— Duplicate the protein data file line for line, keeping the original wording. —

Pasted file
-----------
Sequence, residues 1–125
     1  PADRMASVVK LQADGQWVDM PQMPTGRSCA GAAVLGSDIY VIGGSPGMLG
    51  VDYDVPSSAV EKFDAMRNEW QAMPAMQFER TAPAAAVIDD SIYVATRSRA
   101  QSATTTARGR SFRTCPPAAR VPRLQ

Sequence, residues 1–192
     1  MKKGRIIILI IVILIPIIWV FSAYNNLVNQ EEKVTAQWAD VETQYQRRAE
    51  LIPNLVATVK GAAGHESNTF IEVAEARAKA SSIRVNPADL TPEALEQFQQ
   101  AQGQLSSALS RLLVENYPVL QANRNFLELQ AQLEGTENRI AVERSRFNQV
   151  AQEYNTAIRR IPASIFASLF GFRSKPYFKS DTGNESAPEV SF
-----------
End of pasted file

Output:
Sequence, residues 1–125
     1  PADRMASVVK LQADGQWVDM PQMPTGRSCA GAAVLGSDIY VIGGSPGMLG
    51  VDYDVPSSAV EKFDAMRNEW QAMPAMQFER TAPAAAVIDD SIYVATRSRA
   101  QSATTTARGR SFRTCPPAAR VPRLQ

Sequence, residues 1–192
     1  MKKGRIIILI IVILIPIIWV FSAYNNLVNQ EEKVTAQWAD VETQYQRRAE
    51  LIPNLVATVK GAAGHESNTF IEVAEARAKA SSIRVNPADL TPEALEQFQQ
   101  AQGQLSSALS RLLVENYPVL QANRNFLELQ AQLEGTENRI AVERSRFNQV
   151  AQEYNTAIRR IPASIFASLF GFRSKPYFKS DTGNESAPEV SF